The Dems have brought in the big guns to stump for McAuliffe, including Barack Obama and Vice President Kamala Harris.

 

In a telling sign of their nervousness, the McAuliffe campaign hired high-profile attorney Marc Elias, who masterminds election-related legal challenges.

 

Pelosi reportedly advised her caucus not to “embarrass” the president by failing to pass the infrastructure blueprint. 

 

Nevertheless, there was no vote, which was a direct challenge to the Speaker by the progressive wing.

 

Progressives want a simultaneous vote on a reconciliation package and the infrastructure bill.

 

Paying for Spending

 

The wonderful thing about spending bills is that you need to pay for them.

 

We’ve got a proposed tax on billionaires (although the constitutionality of that proposal is being called into question since it is based on unrealized capital gains).

 

Biden believes that his tax framework will raise $325 billion from a 15% corporate minimum tax on companies’ book income. 

 

Book income is what companies report in their financial statements. 

 

One criticism is that the rules for determining book income are determined by a Connecticut-based nonprofit, the Financial Accounting Standards Board, so Congress is effectively handing some of its taxing authority over to a private organization.

 

Energy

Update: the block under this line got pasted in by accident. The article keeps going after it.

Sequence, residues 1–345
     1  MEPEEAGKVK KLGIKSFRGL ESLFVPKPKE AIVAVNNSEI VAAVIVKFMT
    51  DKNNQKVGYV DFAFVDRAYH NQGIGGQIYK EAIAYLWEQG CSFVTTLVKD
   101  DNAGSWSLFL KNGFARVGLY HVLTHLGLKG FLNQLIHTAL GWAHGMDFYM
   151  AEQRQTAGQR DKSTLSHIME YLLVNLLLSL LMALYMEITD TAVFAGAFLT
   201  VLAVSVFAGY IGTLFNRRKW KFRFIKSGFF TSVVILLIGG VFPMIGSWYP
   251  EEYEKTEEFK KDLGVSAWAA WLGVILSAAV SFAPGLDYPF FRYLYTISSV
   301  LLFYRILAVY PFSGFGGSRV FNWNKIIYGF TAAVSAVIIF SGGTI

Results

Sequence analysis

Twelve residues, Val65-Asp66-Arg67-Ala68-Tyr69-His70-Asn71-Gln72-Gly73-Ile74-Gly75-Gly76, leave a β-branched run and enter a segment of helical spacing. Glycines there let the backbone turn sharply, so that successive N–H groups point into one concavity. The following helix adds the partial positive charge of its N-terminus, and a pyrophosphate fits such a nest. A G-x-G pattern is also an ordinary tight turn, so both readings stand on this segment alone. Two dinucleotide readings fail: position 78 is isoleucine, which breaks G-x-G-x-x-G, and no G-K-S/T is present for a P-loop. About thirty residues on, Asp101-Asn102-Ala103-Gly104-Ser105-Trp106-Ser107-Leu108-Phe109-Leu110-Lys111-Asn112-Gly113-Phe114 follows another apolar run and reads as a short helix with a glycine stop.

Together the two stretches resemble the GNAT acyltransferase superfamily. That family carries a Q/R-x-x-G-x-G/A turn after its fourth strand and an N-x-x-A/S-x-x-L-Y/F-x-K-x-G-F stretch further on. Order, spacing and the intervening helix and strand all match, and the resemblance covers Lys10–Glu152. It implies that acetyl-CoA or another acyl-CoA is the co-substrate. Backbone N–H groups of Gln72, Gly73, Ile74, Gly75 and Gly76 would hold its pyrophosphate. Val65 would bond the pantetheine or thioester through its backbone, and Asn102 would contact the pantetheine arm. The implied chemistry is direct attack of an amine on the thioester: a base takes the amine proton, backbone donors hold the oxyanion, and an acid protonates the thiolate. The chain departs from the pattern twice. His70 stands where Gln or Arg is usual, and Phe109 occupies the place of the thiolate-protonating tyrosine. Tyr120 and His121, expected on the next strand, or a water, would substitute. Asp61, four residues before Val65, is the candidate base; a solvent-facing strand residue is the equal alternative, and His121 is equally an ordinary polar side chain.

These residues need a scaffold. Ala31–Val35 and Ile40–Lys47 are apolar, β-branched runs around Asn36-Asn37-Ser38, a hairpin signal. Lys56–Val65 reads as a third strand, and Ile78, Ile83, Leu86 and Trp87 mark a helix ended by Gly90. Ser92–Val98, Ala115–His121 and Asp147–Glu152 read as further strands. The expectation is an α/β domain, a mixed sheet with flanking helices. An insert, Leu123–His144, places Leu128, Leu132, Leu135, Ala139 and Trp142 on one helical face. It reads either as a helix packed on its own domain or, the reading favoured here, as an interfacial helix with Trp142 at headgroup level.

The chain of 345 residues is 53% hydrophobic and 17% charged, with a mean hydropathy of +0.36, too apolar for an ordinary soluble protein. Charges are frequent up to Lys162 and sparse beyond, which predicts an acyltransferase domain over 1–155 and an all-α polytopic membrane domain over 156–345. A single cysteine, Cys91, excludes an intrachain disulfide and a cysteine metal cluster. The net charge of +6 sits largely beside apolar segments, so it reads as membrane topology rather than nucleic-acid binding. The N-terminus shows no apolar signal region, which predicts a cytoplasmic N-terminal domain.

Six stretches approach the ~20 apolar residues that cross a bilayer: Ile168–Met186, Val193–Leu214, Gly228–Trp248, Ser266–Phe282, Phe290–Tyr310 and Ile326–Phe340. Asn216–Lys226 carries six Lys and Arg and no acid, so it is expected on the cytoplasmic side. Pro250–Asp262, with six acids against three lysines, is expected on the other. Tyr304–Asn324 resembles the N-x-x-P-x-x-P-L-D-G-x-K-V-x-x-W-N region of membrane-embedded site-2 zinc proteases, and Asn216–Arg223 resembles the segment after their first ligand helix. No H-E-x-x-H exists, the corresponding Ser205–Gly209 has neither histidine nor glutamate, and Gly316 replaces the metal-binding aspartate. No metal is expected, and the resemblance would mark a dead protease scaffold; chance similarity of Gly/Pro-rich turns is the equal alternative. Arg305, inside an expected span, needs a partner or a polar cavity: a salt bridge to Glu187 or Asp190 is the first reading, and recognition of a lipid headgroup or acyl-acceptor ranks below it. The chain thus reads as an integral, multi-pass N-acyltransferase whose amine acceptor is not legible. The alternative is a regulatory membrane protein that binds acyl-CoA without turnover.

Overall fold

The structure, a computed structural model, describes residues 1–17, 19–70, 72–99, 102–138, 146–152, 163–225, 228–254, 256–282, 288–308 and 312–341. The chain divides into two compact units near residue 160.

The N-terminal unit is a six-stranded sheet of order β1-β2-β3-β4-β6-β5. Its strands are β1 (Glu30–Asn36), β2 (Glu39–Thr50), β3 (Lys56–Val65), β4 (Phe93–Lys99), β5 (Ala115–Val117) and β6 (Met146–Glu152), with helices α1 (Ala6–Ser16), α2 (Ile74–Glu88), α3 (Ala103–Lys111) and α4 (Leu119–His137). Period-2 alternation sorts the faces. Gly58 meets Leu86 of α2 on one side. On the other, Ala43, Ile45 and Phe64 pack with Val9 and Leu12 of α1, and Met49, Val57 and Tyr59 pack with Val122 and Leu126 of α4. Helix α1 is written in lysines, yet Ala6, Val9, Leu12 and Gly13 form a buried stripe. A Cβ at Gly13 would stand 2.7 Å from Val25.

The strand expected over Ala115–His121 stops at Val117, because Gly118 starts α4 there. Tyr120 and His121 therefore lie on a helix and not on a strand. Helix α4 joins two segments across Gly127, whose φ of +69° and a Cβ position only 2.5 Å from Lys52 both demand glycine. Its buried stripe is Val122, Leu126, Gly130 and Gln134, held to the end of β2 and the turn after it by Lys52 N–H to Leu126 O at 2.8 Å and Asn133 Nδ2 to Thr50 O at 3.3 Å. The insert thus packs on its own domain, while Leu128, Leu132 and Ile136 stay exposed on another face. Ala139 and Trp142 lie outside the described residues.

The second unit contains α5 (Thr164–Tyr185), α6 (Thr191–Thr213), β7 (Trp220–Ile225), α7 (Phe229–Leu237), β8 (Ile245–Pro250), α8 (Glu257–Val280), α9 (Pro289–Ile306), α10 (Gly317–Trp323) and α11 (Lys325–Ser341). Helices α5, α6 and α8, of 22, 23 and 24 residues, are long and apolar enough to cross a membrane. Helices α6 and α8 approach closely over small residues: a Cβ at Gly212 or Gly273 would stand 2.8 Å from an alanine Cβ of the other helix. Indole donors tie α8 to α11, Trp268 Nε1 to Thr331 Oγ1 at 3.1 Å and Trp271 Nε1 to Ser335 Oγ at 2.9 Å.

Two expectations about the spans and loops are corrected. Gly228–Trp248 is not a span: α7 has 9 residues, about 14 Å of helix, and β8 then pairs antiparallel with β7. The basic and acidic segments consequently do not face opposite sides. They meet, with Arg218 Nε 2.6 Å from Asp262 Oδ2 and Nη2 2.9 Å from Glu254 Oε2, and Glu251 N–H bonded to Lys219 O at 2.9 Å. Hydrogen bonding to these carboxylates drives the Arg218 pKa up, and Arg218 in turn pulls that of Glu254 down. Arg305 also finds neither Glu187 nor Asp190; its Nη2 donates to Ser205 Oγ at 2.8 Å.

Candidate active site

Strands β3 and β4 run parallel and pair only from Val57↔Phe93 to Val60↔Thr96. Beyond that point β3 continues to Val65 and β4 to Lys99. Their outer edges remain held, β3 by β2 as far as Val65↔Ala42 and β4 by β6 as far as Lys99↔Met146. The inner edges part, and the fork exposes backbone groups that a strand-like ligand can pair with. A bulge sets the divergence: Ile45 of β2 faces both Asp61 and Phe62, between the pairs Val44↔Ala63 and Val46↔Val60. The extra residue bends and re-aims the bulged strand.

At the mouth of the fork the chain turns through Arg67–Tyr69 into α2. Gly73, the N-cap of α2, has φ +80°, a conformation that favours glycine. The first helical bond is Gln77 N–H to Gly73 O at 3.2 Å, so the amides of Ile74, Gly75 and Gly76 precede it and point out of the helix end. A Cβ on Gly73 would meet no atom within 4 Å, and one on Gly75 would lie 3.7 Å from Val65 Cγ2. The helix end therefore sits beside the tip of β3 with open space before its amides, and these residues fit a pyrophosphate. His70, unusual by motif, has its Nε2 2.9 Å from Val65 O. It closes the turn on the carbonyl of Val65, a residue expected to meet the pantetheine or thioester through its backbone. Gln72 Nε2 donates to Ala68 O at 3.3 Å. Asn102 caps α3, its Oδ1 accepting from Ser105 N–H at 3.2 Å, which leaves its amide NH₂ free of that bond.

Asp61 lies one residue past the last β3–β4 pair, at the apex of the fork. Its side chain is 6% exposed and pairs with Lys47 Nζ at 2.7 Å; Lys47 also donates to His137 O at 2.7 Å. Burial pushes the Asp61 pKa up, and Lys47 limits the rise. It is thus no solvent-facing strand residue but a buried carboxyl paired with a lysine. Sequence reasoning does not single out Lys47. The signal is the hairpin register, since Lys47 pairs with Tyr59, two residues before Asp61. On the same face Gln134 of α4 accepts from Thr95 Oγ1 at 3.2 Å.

BREAKING: Coal, oil and natural gas continue to be needed.

 

Energy is on fire (In a good way.)

 

Exxon (Ticker: XOM) posted its biggest profit in seven years and pledged to spend up to $10 billion on its first share repurchases since 2016.

 

Below is a breakdown of the biggest pieces of the $1.8 trillion, 10-year plan, assuming it passes in something like its current form.

 

It’s a double-edged sword for world leaders, particularly Biden, who has vowed to cut greenhouse-gas emissions 50% by the end of this decade.

 

Energy & Infrastructure

 

      • Biden wants to wean the U.S. from fossil fuels.

 

But aging transformers and dated electrical lines are making it hard for homeowners, local governments and businesses to use solar panels, batteries, electric cars, heat pumps and other devices that can help reduce greenhouse gas emissions.

 

Much of the equipment on the electric grid is decades old, which does not allow for the reverse flow of energy back into the grid from green energy sources.